40. The topics you mentioned in your post are exactly what my spouse and I are talking about right now. We want the freedom to define retirement for ourselves AND it would be nice to have a reference to guide our conversations. Thanks for sharing!

  41. Iris Radcliffe says:

    I, too, first read Ms. Hester’s writings on MarketWatch! Regrettably I have not been to Lake Tahoe. I’d still love to have a copy of the book, though! Thank you.

  42. Excellent summary of the book. I hope to read it soon as I transition to my semi-retired stage of life, albeit at the old age of 50. I concur that posting minute details about contribution amounts is useless, given that they change almost yearly. It would be better to educate the reader about where they can find the current information.

    • Chris Mamula says:

      Thomas,

      One theme that Tanja writes about and I concur with completely is that every day you can claw back is a win, considering that most people can never retire securely. For all the good that comes from the FIRE movement, this obsession that sooner is better is not good. Comparison can be a theft of joy. 50 is pretty darn good!

      Cheers,
      Chris

  43. Why are all young retirees referred to as “ripe” age? That term grosses me out!

    Just received notice that my copy has shipped from Amazon.

  44. William Hudson says:

    I am a regular reader and interested in a copy of the book. I plan on retiring in the next 2 years at 56-57. I have a lot of the pieces, but enjoy learning as many angles as possible. This is my first post on any sight ever , but nothing is more important than getting this

  45. I’m interested because I am not a FIRE candidate but am interested in how the author’s views and recommendations could help my retirement planning.

  46. Falling asleep on the couch from exhaustion after a killer week resonates well – not what I had in mind when I started my career to make a difference. I’m game for something that contributes to society without killing myself.

  47. I appreciate your review of Work Optional. I am nowhere close to their income levels but I do take the authors point regarding the fallacy of labeling anyones definition of financial independence. I would be very interested in reading the book in its entirety if I am one of the chosen to receive a copy.

  48. Thanks for this post Chris. My husband and I are preparing for (full) retirement and can technically retire right now (we are in our mid-50s. Interestingly, I really retired 18 years ago from my career when my third child was born. At that time, I was busy raising children and volunteering in scouting and other non-profits, which was enjoyable and helped me build other skills. After the last child went off to college though, I found it difficult to find my purpose. I didn’t want to continue volunteering as much (trust me, this gets tiring after so many years of doing it with a good heart). Three years ago, I went back for a specialized credential in my previous health care field and am loving working very part-time even though I do not technically have to. Since I already experienced 18 years of “work optional” (for my own career), I learned that life is really about serving others whether it’s paid or not. I make little annual income from the work I do now, but I know I am really helping others and that is rewarding. So, in coaching my husband about his own retirement, I tell him that if he is enjoying his work, continue until the mandatory retirement age (yes, there is one at 60). But, if you don’t enjoy your work, quit because you can :). And then find another purpose in life that feeds you and others because retirement without that purpose can be lonely and boring – even if you have the money to travel and do whatever you want. Work, while stressful for many, provides us with human connection and purpose. Too few people in the FIRE community focus on that – they seem so set on retiring “early” just to find out that when they can and do, life is not always as they thought it should be. Having a plan in your retirement, whether early or not is critical for happiness, because money really doesn’t buy happiness! Well, a certain amount does, but there is the law of diminishing returns after a certain level of income.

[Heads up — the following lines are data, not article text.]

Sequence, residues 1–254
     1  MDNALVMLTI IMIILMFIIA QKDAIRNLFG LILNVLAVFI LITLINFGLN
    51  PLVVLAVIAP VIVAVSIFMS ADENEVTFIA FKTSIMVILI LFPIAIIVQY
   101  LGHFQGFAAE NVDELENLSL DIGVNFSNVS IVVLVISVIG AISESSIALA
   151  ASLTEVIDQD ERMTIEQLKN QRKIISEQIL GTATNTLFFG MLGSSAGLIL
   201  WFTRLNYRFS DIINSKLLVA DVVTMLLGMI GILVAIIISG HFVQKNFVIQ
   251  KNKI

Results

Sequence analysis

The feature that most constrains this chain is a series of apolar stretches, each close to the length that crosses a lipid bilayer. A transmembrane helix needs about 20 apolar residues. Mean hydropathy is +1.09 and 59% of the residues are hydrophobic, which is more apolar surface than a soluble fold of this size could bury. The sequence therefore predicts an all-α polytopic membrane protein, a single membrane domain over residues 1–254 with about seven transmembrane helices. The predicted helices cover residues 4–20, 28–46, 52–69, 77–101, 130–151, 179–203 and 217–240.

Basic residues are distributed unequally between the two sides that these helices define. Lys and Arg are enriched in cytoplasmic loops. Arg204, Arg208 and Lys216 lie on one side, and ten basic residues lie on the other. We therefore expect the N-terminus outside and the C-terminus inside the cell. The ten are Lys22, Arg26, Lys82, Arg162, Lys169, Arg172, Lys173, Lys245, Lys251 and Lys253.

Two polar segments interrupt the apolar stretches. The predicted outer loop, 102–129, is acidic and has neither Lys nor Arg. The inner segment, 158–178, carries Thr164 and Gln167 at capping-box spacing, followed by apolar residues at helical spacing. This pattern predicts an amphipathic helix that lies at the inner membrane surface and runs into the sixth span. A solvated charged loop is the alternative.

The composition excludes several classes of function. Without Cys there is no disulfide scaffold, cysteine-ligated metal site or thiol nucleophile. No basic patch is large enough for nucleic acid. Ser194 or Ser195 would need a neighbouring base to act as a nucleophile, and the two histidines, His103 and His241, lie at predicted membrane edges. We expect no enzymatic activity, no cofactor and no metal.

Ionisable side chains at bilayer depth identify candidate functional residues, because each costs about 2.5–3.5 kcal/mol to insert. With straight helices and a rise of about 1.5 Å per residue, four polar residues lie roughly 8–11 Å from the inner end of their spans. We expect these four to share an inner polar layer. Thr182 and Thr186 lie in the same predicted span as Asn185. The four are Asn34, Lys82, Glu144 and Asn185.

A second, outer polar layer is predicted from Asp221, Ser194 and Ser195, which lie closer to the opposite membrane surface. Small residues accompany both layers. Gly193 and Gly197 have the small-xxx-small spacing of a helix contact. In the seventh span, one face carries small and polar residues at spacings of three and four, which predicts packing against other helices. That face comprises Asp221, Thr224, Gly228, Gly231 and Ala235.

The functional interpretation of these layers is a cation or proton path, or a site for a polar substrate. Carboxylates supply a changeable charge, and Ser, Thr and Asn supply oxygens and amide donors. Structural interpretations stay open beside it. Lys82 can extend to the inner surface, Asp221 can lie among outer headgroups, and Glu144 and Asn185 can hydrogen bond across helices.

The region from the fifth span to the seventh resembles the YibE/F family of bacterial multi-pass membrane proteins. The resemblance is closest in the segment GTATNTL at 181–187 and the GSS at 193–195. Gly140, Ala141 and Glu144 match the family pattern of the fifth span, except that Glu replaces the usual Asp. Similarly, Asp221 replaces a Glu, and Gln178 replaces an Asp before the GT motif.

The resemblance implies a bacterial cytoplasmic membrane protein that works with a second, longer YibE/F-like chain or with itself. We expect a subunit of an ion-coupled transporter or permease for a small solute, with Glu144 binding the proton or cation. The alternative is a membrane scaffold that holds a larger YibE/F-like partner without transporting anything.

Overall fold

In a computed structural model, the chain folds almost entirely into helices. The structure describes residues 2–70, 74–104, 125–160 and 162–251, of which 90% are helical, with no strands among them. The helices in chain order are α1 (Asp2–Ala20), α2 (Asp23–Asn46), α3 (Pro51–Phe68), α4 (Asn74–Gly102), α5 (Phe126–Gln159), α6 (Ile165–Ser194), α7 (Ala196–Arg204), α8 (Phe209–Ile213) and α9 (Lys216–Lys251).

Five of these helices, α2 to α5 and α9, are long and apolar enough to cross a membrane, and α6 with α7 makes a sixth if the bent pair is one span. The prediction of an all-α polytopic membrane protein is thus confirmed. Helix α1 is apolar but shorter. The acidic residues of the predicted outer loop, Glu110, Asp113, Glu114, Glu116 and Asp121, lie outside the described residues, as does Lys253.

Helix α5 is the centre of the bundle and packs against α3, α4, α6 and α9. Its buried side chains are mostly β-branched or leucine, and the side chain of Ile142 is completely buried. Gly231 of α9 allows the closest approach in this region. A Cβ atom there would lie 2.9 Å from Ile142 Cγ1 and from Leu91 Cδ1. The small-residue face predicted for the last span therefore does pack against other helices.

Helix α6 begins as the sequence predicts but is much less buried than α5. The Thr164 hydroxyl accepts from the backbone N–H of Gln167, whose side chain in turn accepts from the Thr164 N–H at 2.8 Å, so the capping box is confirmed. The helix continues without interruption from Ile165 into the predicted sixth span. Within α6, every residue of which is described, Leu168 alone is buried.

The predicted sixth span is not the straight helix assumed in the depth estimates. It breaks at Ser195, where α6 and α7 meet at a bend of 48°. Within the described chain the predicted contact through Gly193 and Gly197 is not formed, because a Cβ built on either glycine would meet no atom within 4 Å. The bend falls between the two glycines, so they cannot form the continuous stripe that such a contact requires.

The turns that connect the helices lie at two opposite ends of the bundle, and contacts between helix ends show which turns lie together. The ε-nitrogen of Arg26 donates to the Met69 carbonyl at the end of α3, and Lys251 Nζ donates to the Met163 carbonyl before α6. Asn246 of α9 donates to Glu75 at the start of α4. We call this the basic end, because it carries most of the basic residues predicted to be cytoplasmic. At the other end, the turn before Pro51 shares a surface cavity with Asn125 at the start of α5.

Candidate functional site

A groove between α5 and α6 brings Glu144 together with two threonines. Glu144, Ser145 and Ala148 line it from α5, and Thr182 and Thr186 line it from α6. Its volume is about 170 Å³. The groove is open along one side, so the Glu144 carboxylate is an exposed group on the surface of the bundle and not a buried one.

• Chris Mamula says:

      Great comment and a theme I try to emphasize frequently.

    • Excellent commentary. I have been planning to retire early from the time I started working. Sadly I have never been passionate about what I do, those that are…what a true gift.

      I am single and my biggest concern about retirement is…what will I really do. I hope to join the Y lose weight and get in better shape but how realistic is that they never work out now. Do you plan to volunteer again I don’t like my time schedule for me I want you what I want when I want. So it should be interesting.

      I would love a copy of this Book.

  49. Thanks for the review of the book. I would love a copy of “Work Optional”

  50. Paul Greenlee says:

    Hi Chris,